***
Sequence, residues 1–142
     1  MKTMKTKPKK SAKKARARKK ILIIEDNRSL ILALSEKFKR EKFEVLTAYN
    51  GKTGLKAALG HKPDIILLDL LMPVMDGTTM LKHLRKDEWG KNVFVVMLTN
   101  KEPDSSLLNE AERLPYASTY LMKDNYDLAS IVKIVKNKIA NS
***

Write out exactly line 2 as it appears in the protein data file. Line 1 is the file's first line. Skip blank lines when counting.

     1  MKTMKTKPKK SAKKARARKK ILIIEDNRSL ILALSEKFKR EKFEVLTAYN